Mixing the Soil
I researched soil conditions of Bordeaux and Loire, where Cabernet Franc are grown, and tried to duplicate the soil as closely as possible. Because my soil is contained in pots, I found it easy to design my own soil. The advantage of potted grapes is that you can ignore the poor soil conditions of your land and control the soil in the pot. The potted soil I mixed is 60 percent sandy loam and 40 percent fossilized limestone gravel for drainage, and slightly alkaline. This is good grape soil. It required driving around in my VW Golf looking for deposits of limestone gravel.
I found limestone on the side of the local freeway. They had to blast through a layer of limestone to build the highway, leaving deposits of gravel on the side of the road. Several trips to the highway with a shovel and very large container solved the problem, and also tested the rear shocks on my car (it’s amazing what you find out about your car in situations like this).
Planting My Vines
In December 1997 I picked up 25 own-rooted, one-year-old Cabernet Franc vines from Niagara-On-The-Lake. Then I let them go dormant in the kitchen fridge.
I planted 14 of them on May 23, 1998. Just a bunch of sticks with some roots dangling from one end. Following the advice of From Vines to Wines (with the Cox book in one hand and pruning shears in the other), I soaked and trimmed the roots and my wife planted the stick. We are training the vines in the “mini J” system. The trunk curves up like a J to about a foot and a half, and is headed. Two lateral canes run from the head like the cross in a J.
Protecting the Vines from Canada’s Cold
Most grape vines in cool climates need to be protected from spring frosts. To protect the vines from frost, I designed and constructed a collapsible greenhouse (my budget doesn’t support the use of helicopters for moving huge volumes of air in large vineyards). Several 10-foot lengths of flexible half-inch PVC piping provide the framework. Simple wood screws hold it together in the shape of a Quonset hut. The greenhouse frame remains erected all year. The cover is a large sheet of clear plastic fitted with 50 grommet holes around the edges. The plastic can be thrown over the frame and held down with the grommet holes at a moment’s notice. In spring and fall, 100-watt bulbs keep the interior above-freezing during the night.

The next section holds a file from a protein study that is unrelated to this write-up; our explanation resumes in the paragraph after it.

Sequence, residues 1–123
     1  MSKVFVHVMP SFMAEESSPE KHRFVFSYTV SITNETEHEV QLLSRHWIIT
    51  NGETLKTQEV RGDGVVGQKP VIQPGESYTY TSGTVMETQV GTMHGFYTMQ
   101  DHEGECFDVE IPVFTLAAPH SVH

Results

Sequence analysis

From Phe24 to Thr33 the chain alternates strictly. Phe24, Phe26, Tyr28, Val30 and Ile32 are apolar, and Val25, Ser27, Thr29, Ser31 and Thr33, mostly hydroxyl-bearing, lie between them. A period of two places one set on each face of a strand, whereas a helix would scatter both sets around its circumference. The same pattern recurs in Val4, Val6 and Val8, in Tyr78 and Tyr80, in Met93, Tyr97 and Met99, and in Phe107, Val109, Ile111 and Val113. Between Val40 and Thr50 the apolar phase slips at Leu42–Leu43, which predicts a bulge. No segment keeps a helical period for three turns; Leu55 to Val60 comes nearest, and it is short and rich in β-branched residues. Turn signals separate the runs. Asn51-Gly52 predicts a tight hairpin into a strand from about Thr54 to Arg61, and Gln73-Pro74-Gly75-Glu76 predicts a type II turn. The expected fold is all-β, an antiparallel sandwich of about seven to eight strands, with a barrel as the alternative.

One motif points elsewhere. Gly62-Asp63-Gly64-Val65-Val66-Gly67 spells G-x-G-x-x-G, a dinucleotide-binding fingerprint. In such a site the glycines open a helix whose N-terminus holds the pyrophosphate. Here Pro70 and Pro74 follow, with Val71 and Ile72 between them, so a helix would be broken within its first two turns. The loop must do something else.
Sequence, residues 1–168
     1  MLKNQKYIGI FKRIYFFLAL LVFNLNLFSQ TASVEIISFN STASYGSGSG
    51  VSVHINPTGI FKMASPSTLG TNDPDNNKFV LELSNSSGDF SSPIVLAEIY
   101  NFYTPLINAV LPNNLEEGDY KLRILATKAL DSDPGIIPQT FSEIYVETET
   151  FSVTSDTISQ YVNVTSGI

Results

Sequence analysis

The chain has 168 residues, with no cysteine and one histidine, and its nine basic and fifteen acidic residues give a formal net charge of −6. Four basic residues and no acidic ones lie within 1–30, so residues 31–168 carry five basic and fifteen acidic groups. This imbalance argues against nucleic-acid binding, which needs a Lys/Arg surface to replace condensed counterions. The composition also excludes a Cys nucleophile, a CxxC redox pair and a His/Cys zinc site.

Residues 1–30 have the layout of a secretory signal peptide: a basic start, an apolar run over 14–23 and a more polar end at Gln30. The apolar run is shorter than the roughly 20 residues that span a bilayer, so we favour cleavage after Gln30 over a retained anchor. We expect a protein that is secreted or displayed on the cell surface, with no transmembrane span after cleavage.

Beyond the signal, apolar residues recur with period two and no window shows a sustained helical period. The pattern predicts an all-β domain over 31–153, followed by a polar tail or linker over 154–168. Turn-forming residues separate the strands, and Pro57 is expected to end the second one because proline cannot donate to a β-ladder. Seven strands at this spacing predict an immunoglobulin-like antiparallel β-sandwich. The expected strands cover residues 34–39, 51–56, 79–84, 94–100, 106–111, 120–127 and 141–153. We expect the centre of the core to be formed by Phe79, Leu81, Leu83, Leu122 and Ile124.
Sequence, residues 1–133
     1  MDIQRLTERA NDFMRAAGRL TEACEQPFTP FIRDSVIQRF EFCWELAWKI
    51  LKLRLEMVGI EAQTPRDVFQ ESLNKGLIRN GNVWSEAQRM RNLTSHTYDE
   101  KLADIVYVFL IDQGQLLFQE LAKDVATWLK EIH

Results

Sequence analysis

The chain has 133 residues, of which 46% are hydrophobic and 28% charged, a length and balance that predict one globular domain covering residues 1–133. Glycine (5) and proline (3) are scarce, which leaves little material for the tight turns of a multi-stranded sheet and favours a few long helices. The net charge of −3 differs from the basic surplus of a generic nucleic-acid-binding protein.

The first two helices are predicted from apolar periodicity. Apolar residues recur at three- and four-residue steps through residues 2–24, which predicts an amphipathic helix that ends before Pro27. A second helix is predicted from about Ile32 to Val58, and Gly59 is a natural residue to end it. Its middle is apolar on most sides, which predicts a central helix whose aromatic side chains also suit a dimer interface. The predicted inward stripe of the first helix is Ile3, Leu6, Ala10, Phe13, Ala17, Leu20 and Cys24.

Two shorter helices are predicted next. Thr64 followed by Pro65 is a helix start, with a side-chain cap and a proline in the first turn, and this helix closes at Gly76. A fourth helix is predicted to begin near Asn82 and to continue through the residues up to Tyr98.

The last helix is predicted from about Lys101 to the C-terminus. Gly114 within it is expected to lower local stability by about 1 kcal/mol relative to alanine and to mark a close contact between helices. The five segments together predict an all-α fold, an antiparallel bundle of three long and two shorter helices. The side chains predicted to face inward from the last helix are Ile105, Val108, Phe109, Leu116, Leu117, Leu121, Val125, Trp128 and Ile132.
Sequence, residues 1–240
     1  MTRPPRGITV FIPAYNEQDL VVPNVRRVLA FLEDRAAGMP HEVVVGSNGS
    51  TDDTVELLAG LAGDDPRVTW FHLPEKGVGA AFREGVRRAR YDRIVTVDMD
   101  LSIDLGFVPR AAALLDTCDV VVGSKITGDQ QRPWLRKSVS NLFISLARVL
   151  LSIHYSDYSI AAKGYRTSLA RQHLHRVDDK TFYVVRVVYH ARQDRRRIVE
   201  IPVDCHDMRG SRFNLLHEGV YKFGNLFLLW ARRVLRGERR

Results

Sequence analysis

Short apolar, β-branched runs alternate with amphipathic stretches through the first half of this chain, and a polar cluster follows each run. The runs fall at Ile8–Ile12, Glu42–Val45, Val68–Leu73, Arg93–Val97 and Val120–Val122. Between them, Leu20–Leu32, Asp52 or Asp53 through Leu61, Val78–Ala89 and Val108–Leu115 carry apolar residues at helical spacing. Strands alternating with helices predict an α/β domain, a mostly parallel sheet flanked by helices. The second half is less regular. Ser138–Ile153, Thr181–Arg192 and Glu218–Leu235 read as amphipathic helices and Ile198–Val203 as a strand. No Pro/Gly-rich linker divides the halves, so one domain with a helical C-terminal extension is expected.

A Patio Success Story
My vines are two seasons old and growing vigorously. My new trunks have lost their greenness and become woody. In autumn 2000, I will harvest my first crop of fruit and ferment it into wine.
In the meantime, I have learned that the art of wine-growing lies in training the vines. As my viticultural experience grows, I have become more aware of how much space grape canes can demand. Some of my canes grew ten feet this summer. I’ve had to overlap two and three canes on one trellis because of their unexpected vigor. Several space-saving alternatives come to mind, which I would like to explore, such as heading the trunk at six inches to train the canes in a vertical spiral. The possibilities for micro-trellising are endless.
In three years I have grown from a skeptic to a micro-vineyard owner, complete with web page. Now, I am the peasant who crouches between the rows, tying the vines.
Regardless how big my future backyard may be, my micro vineyard will come with me. I might even pass it on to my children. It’s something you can fit into a corner of your yard . . . and still have room for the dog.
Growing the Grape at Home
Experts may say that grapevines don’t grow well in pots, but it worked for author Jeff Chorniak! If you want to experiment, you need to select a vine that grows well in your region, and then order it from a nearby nursery or other grapevine supplier.
A must-have resource for any home winemaker is From Vines to Wines by Jeff Cox (Storey Books, 1999). In it, you’ll find valuable information on selecting the vine, growing the grape and making the wine. It also offers a handy list of selected mail-order suppliers across North America. Here are a few examples from the Cox book and our own research. Happy planting!